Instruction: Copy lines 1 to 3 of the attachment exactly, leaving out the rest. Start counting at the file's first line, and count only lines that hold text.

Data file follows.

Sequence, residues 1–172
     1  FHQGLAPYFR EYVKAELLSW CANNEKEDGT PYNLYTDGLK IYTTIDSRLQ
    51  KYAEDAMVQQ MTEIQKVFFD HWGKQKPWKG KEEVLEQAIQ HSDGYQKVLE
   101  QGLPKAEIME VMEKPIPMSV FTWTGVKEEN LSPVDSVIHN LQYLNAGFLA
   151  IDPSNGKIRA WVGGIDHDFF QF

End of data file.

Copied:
Sequence, residues 1–172
     1  FHQGLAPYFR EYVKAELLSW CANNEKEDGT PYNLYTDGLK IYTTIDSRLQ
    51  KYAEDAMVQQ MTEIQKVFFD HWGKQKPWKG KEEVLEQAIQ HSDGYQKVLE